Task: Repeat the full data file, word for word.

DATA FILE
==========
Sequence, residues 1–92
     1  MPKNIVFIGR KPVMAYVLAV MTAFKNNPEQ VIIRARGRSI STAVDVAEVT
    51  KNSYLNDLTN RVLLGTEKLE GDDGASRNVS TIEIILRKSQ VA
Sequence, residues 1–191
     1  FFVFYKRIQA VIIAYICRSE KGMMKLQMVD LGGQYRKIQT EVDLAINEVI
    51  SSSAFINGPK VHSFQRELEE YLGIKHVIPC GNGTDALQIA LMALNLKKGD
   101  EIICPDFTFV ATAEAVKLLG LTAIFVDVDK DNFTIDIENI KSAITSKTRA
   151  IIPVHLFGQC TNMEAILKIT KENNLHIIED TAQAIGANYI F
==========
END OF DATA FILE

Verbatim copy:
Sequence, residues 1–92
     1  MPKNIVFIGR KPVMAYVLAV MTAFKNNPEQ VIIRARGRSI STAVDVAEVT
    51  KNSYLNDLTN RVLLGTEKLE GDDGASRNVS TIEIILRKSQ VA
Sequence, residues 1–191
     1  FFVFYKRIQA VIIAYICRSE KGMMKLQMVD LGGQYRKIQT EVDLAINEVI
    51  SSSAFINGPK VHSFQRELEE YLGIKHVIPC GNGTDALQIA LMALNLKKGD
   101  EIICPDFTFV ATAEAVKLLG LTAIFVDVDK DNFTIDIENI KSAITSKTRA
   151  IIPVHLFGQC TNMEAILKIT KENNLHIIED TAQAIGANYI F